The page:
One of the top Greek poets of modern literature was also one of the most inspiring figures of Hellenism, as the works of Kostis Palamas became beacons of the newly independent Greek State.
Born in Patras on January 13, 1859, Palamas lived long enough to see Greece occupied by the Germans, as he died on February 27, 1943.
Palamas’ enormous poetic work is imbued with history, Hellenism and the formation of the “Great Idea” for his homeland, while at the same time it dealt with everyday man and his feelings. He was named Greece’s National Poet.
The poet’s lyricism and word-making skills have been remarkable. But other than an exemplary poet, Palamas was by his work as a literature critic, a literary writer and a literary philosopher.
Palamas lost both his parents at an early age. In 1864, his mother Penelope died during a premature birth, while less than a year later, his father Michael passed away as well. The six-year old Kostis is taken in the custody of his uncle, Dimitrios Palamas and moved to his house in Mesolonghi. The young boy stayed there from 1867 until o 1875. He started writing poems and literature as early as high school.
As soon as he finished high school, in 1876, he moved to Athens, where he enrolled in the Law School at Athens University. His studies, however, did not last long, as the heart of young Palamas belonged to poetry and literature. He started working as a journalist to make a living using different aliases and wrote feverishly.
Palamas soon stood out from his colleagues. He became the founder of the “New Athenian School” in poetry and in 1886 he published his first poem collection, “Songs of My Fatherland”.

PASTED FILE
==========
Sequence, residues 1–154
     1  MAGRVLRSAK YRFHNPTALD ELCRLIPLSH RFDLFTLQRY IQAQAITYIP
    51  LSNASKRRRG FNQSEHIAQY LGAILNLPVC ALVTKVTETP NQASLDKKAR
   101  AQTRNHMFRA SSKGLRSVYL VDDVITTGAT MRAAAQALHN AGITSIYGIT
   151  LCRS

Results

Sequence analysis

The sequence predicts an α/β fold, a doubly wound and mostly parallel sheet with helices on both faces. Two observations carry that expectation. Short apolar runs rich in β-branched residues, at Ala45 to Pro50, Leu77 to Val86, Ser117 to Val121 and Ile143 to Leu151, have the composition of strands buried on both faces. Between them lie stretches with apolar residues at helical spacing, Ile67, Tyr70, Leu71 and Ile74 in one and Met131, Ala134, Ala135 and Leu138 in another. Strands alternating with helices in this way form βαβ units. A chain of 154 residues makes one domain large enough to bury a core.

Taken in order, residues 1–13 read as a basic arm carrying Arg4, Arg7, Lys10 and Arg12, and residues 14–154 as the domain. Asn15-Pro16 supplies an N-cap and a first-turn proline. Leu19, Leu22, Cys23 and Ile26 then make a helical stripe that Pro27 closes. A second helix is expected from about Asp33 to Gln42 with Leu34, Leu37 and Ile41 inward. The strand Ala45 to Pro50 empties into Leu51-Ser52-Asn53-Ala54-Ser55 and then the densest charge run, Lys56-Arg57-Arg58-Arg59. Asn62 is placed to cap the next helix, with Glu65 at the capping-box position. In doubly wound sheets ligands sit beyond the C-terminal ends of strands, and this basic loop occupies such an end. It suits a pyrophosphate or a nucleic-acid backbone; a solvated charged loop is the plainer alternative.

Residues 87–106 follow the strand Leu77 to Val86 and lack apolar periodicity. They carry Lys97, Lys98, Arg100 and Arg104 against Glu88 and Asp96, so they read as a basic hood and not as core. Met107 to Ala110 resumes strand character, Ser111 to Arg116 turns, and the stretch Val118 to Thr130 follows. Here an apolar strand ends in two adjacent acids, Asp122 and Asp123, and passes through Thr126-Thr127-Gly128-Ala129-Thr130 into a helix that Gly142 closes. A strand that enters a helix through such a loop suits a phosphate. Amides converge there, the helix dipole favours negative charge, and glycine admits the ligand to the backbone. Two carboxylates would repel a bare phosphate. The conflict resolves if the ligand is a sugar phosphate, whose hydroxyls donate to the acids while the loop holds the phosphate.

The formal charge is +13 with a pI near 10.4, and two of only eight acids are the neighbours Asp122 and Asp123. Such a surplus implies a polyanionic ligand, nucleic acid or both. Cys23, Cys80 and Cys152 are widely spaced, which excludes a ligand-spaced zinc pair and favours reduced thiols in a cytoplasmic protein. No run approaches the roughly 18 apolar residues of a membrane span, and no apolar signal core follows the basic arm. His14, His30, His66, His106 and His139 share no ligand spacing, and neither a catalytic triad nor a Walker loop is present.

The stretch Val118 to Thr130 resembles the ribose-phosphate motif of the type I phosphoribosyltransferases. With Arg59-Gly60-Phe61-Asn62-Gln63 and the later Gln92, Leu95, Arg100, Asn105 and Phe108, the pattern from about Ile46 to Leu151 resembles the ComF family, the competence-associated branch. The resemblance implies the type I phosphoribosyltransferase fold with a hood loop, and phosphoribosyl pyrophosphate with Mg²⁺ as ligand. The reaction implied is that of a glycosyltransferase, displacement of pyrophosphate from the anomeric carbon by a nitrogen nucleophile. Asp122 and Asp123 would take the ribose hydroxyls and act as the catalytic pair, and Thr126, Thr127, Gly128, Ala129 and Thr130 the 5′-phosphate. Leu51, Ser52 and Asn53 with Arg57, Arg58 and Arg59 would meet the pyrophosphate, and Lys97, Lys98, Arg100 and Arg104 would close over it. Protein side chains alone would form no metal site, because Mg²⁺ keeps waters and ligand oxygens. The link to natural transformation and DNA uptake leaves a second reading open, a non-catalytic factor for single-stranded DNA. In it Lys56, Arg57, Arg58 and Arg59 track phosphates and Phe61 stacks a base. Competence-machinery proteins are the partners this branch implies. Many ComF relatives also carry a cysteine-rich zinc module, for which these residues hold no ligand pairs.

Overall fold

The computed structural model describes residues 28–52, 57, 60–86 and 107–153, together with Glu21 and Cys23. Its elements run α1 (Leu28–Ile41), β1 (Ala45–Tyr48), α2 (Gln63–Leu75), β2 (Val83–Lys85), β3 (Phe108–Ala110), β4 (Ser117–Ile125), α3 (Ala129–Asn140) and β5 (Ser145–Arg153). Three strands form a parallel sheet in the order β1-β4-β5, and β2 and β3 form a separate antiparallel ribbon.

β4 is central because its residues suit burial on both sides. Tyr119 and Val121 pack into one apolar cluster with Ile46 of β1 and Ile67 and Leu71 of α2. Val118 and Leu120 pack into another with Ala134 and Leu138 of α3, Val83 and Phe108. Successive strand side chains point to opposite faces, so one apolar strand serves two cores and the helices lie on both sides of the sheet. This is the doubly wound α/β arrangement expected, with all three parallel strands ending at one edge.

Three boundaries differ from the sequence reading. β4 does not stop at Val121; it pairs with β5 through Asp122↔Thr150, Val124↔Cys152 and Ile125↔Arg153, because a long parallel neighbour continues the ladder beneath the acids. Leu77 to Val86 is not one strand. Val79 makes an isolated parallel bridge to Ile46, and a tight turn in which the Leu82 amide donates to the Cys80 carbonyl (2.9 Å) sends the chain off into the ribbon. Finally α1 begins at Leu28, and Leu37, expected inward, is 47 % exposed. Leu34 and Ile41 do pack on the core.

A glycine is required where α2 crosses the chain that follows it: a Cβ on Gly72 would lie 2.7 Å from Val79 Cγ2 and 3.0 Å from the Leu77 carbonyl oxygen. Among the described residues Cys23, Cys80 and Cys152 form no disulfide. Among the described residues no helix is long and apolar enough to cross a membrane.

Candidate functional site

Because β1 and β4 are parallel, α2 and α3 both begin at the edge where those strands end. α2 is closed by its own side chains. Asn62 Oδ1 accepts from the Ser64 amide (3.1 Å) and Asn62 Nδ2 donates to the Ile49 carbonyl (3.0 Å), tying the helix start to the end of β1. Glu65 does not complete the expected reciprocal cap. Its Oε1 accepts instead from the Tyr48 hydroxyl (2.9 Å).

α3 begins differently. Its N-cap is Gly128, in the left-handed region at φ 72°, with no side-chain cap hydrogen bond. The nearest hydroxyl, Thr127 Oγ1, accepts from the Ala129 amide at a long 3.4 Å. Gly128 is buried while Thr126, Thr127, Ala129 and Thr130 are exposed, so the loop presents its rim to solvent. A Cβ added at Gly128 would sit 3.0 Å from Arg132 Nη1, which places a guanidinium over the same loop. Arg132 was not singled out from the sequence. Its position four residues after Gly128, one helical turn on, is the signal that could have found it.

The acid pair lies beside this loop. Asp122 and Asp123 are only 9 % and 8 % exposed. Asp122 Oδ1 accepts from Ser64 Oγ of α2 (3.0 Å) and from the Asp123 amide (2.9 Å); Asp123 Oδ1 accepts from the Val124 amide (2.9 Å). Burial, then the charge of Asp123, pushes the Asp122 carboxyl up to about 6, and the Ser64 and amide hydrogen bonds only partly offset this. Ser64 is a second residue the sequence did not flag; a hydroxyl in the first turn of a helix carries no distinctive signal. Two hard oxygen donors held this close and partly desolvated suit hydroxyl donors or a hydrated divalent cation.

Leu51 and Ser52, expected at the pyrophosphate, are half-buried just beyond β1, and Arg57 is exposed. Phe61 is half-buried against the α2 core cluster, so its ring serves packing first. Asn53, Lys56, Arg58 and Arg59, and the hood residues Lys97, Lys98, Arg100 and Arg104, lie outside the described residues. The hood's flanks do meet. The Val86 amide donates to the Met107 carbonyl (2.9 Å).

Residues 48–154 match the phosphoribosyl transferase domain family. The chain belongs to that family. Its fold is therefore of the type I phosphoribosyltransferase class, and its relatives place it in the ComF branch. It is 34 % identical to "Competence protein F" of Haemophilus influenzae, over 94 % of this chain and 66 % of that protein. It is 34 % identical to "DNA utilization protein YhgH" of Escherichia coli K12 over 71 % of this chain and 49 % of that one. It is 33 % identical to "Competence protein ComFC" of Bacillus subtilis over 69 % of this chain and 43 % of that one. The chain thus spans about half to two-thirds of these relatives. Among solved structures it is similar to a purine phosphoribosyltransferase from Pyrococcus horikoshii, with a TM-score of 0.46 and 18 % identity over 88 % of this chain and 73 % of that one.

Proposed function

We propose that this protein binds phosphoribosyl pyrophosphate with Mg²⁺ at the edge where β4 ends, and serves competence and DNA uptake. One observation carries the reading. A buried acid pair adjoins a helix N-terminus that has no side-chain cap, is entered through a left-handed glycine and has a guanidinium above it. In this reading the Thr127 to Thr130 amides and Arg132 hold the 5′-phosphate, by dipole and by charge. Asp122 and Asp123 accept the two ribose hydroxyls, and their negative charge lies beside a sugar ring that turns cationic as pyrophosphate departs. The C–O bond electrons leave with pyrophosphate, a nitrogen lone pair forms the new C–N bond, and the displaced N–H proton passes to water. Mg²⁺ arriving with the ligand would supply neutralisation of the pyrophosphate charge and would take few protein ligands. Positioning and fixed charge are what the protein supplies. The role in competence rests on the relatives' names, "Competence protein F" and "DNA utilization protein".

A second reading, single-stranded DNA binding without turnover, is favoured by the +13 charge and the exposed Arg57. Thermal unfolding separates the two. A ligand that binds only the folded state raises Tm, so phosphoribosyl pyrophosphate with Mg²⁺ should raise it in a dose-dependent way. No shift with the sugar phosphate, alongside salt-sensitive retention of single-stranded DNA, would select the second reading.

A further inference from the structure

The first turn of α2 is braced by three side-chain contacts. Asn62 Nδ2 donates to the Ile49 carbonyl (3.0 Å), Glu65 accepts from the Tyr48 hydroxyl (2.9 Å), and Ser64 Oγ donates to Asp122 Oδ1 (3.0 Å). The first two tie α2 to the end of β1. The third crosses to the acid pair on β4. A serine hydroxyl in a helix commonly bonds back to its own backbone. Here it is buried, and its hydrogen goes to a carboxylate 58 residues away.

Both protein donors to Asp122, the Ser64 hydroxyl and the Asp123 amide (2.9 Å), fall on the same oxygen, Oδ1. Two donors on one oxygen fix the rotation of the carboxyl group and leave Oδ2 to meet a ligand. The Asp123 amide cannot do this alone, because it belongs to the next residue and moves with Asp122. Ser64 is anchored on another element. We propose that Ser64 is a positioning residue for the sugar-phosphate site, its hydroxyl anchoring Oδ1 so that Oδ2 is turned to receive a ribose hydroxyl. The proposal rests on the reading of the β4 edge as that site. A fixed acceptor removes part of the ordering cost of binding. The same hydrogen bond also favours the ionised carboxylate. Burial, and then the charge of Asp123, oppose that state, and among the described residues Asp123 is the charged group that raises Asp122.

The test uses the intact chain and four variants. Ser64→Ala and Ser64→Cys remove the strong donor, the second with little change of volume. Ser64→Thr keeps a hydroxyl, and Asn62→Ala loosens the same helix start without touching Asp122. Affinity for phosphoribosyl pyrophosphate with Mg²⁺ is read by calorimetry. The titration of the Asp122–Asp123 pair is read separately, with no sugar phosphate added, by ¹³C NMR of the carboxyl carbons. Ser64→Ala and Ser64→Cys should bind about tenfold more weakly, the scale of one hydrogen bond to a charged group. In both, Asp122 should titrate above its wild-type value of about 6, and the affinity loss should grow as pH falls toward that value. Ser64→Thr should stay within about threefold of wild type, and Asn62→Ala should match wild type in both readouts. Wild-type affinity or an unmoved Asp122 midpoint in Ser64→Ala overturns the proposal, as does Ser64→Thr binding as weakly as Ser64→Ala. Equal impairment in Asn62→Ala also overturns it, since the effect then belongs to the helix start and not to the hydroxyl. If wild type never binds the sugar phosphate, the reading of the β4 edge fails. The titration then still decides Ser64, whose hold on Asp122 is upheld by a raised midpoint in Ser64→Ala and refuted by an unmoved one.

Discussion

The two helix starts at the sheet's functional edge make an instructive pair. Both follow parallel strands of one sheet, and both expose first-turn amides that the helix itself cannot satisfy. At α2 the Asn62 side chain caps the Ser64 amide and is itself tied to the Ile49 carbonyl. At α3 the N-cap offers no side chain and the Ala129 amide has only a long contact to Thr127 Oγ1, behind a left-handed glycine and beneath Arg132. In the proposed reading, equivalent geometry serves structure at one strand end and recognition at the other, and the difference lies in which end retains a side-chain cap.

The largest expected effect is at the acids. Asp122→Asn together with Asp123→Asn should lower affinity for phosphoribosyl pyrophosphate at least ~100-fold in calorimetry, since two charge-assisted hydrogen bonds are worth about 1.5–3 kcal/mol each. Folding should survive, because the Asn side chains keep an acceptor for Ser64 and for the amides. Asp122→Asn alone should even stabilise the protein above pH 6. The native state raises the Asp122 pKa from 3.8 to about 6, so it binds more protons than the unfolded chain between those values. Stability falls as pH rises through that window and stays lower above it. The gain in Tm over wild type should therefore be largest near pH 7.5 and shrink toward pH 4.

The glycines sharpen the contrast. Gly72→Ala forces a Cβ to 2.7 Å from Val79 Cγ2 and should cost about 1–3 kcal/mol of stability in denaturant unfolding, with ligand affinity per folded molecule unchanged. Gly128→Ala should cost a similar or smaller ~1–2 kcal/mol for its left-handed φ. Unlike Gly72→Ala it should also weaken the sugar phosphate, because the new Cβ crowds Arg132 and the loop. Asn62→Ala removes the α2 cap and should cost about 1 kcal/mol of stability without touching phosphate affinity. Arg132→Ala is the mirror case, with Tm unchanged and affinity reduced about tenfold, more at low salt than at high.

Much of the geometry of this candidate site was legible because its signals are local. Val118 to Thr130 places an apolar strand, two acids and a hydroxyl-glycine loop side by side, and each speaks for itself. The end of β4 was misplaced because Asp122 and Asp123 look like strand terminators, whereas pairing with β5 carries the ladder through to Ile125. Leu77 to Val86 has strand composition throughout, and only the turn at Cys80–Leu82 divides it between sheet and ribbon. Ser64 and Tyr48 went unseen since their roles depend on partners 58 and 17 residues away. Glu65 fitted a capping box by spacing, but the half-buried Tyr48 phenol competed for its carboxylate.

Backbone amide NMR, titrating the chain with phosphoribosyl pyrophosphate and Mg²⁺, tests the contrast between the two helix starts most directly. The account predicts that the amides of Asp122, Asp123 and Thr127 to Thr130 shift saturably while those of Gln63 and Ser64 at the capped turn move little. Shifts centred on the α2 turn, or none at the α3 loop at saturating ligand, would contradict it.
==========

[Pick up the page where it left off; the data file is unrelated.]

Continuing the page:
(Parnassos Literary Society. From left: Georgios Stratigis, Georgios Drossinis, Ioannis Polemis, Palamas at the center, Georgios Souris and Aristomenis Provelengios, poets of the New Athenian School (or Palamian School). Paninting by Georgios Roilos)
In 1887 he married to Maria Valvi, with whom he had three children: Nafsika, Leandros and Alkis. His youngest son, Alkis, died at the age of five and the poet was lost in grief. In memory of Alkis, he wrote “Tomb” (1898), a magnificent elegy.
In 1879 he was appointed secretary of the University of Athens and, until his resignation in 1928 as Secretary-General, he won many honorary distinctions, the most important being that of the academic in 1926.
In 1924, the French Government honored Palamas with the “Legion of Honor” title. In 1929 he was appointed President of the Academy of Sciences. Early in 1933, he was honored with the “Goethe” medal by the German ambassador to Athens. He is declared the Interim President of the newly established section of the International Writers’ Union. In 1934, the Spanish government honored him with the “Del la plaque del l’Ordre de la Republique” medal and a year later with the Medal of the Milanese Library of Congress.
In 1936, Palamas celebrated his fifty-year contribution to Greek poetry and literature. He received the title of Dean of the Royal Order for his contribution in the “Letters and Art” of the Ministry of Education. In 1937 his statue was raised in Messolonghi.
On February 9, 1943, his life partner Maria passed away. A few days later, on February 27, 1943 Palamas died. For his funeral, about 100,000 Greeks paid their respects to the “National Poet” in front of the amazed eyes of the German conquerors. Renowned poet Aggelos wrote and recited the touching “Palamas” for the funeral service.
Collections of poems
Songs of my Fatherland (1886)
Hymn to Athena (1889)
Eyes of my Soul (1892)
Iambs and Anapaests (1897)
The Grave (1898)
The Greetings of the Sun-born (1900)
The Motionless Life (1904)
Twelve Lays of the Gypsy (1907)
The King’s flute (1910)
Yearnings of the Lagoon (1912)
Satirical Exercises (1912)
The State and Solitude (1912)
The 14 verses (1919)
The 5 verses – The passionate secret whispers – The Wolves – Two flowers from afar (1925)
Cowardly and Harsh verses (1928)
The 3 Verse Cycle (1929)
Passages and Greetings (1931)
The Nights of Phemius (1935)
Evening Fire (1944, posthumous edition by his son, Leandros Palamas)
Death of a Youth (novel, 1901)
“This I tell you, and nothing else: Get drunk on the immortal wine of 1821”
“The greatness of a people is not measured in acres. It’s measured with the fire in their hearts and their blood”